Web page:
While former House speaker Newt Gingrich appears to be surging past all of his GOP presidential rivals in most of the latest polls, he still has more work ahead of him to catch President Barack Obama if the general election were held today.
Gingrich would have to overcome a 6-percent deficit in a head-to-head matchup against Obama, according to a Fox News poll released on Thursday. The poll shows Gingrich trailing the president by a margin of 46 to 40 percent.
Former Massachusetts Gov. Mitt Romney, who has been trailing Gingrich in the polls with respect to the 2012 Republican nomination, came within just 2 points of Obama in a theoretical matchup. Romney has trailed Obama by a similar margin as Gingrich in multiple previous polls taken over the past year, but he enjoyed a 2-point advantage in a poll taken three weeks ago.
The polling results are at the edge of the margin of sampling error with respect to Gingrich and within the margin of sampling error with respect to Romney, acknowledges Fox, which also finds that 44 percent of voters think that Obama will be re-elected over 37-percent, who believe that an unspecified Republican challenger will defeat him.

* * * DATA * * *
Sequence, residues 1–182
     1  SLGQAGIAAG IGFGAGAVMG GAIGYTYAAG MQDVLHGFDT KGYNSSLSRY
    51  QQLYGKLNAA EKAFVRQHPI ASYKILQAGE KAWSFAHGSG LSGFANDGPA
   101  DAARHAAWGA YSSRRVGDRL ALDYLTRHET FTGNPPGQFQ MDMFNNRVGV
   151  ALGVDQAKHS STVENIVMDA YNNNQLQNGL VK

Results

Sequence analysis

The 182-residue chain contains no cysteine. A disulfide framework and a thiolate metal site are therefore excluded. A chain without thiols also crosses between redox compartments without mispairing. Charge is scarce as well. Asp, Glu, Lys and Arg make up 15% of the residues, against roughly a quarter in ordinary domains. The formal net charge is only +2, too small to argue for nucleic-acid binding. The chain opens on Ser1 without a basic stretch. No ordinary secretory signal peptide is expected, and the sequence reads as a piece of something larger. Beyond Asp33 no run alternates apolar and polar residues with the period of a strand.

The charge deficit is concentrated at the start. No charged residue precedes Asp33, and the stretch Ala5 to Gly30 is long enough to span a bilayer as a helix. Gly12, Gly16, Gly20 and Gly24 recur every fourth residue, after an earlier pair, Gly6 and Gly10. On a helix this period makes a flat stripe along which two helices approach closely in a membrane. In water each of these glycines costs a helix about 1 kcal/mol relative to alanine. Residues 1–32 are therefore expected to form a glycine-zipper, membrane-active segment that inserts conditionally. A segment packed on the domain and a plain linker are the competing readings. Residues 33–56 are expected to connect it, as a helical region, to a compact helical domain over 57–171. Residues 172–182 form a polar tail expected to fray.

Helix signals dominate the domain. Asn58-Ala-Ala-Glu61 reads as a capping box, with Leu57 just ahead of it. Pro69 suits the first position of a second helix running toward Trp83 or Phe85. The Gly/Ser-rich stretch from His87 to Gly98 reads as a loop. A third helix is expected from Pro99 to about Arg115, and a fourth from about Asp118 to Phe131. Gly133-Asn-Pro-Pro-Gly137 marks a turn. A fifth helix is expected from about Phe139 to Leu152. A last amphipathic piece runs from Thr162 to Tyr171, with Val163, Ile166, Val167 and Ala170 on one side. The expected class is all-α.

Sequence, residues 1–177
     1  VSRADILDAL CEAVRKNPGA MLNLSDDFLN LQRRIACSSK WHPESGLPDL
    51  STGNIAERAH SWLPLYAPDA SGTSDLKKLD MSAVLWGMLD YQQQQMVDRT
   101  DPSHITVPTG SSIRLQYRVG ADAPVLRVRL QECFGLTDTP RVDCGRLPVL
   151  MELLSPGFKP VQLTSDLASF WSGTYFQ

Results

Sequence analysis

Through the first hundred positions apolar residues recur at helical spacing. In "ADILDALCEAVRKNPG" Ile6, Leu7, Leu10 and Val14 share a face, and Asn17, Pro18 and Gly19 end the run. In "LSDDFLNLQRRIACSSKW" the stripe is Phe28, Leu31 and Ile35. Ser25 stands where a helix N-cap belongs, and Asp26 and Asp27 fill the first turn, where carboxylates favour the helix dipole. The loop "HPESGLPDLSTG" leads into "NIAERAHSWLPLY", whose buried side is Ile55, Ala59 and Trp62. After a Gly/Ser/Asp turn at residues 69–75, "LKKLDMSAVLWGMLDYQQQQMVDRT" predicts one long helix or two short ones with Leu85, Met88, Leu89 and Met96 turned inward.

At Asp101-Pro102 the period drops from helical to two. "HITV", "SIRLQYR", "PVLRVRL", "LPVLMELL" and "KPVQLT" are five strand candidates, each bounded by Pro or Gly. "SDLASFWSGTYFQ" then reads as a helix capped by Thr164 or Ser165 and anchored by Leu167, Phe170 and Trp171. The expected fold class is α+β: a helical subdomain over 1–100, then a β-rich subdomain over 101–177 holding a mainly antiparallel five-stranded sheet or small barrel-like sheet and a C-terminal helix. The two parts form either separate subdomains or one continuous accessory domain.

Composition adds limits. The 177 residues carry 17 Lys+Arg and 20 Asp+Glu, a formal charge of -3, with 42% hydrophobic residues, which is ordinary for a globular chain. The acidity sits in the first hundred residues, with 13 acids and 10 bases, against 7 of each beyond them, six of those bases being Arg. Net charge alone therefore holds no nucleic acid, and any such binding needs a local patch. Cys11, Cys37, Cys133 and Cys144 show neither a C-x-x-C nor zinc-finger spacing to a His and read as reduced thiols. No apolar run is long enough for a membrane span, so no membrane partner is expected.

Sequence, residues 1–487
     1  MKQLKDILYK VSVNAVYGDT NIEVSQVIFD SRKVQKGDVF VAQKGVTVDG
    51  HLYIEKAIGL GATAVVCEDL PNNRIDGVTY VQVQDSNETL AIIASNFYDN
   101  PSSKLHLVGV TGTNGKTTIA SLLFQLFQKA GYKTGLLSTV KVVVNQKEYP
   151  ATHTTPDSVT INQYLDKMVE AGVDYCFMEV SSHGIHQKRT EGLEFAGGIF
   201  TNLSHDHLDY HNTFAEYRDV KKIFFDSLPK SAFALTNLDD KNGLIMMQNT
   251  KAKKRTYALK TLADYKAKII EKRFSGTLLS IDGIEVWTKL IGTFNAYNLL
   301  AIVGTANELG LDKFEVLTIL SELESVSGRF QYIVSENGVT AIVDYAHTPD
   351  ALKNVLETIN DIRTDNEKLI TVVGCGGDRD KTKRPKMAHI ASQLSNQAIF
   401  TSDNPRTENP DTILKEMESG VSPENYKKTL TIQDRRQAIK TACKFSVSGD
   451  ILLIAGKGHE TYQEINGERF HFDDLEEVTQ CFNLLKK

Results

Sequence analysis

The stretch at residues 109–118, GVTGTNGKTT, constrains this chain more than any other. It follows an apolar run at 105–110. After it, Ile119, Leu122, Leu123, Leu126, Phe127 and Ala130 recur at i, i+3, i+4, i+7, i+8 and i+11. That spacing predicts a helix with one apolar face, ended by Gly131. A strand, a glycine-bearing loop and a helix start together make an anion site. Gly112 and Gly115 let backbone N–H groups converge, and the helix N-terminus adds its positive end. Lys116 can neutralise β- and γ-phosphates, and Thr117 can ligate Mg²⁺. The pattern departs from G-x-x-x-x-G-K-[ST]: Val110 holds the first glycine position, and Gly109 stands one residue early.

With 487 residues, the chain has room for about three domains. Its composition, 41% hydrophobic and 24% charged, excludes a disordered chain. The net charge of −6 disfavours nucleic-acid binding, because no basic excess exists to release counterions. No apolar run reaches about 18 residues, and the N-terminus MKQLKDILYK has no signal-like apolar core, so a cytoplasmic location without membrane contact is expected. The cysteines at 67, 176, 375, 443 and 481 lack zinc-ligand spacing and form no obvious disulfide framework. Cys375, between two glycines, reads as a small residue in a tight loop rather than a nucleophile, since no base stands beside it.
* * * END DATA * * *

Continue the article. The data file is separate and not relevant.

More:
Not surprisingly, some 69 percent of Democrats think that Obama will win the election as opposed to only 61 percent of Republicans who say that their still yet-to-be decided candidate will taste victory.
One surprising finding in the poll concerns a question as to whether voters might overlook an extramarital affair in a presidential candidate.
Most of the voters — some 64 percent — said they would support a qualified presidential candidate even if they had an affair in the past. Only about 26 percent of those surveyed said an affair “completely disqualifies” a candidate from getting their vote.
Some 68 percent of men, 61 percent of women 65 percent of Republicans and 62 percent of Democrats were willing to overlook an affair.
Among tea party voters, the percentage was even higher with 77 percent of those surveyed willing to overlook a marital indiscretion. Some 67 percent of independents also agreed that they would not rule out such a candidate.
About a quarter of independents do not support Obama, Gingrich or Romney, with Obama carrying a 1-point lead over Romney and a 5-point lead over Gingrich overall.
Independents who did not have a preference for any of the three were either undecided, would vote for someone else, or wouldn’t vote at all.
The nationwide telephone poll of 911 randomly chosen registered voters also finds that tea party voters are more likely to choose Gingrich over Romney against Obama by a margin of 77 percent to 70 percent.
The poll was conducted by Anderson Robbins Research (D) and Shaw & Company Research (R) between Dec. 5-7 with a margin of sampling error of plus or minus 3 percentage points.
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